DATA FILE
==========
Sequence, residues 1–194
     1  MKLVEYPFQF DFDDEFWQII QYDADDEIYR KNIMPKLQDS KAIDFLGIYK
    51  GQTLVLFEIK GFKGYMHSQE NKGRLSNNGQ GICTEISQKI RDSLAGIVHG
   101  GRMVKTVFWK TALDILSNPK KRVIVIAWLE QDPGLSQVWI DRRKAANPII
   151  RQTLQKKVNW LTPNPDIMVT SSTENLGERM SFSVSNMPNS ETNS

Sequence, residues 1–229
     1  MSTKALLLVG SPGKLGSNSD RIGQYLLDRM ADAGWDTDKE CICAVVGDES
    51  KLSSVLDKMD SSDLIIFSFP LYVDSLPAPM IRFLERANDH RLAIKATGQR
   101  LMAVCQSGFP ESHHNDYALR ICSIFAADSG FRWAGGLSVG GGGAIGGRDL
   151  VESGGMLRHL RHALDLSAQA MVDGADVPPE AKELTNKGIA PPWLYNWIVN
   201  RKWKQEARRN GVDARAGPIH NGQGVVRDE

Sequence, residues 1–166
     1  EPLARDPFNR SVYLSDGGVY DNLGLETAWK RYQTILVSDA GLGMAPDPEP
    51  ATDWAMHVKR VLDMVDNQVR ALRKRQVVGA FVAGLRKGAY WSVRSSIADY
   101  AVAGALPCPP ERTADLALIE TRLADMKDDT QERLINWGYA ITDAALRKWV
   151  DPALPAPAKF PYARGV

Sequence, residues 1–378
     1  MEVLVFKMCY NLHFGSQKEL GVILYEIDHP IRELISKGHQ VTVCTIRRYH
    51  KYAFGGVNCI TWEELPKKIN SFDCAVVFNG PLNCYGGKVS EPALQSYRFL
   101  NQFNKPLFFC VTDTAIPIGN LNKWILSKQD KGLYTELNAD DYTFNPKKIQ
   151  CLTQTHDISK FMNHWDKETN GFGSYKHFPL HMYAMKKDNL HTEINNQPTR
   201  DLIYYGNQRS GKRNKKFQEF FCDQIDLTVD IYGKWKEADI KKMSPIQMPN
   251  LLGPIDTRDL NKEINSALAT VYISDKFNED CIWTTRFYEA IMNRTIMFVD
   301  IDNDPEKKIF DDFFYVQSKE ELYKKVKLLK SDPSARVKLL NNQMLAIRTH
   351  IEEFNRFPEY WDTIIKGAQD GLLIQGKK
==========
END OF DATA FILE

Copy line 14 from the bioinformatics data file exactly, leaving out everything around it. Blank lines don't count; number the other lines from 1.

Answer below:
    51  ATDWAMHVKR VLDMVDNQVR ALRKRQVVGA FVAGLRKGAY WSVRSSIADY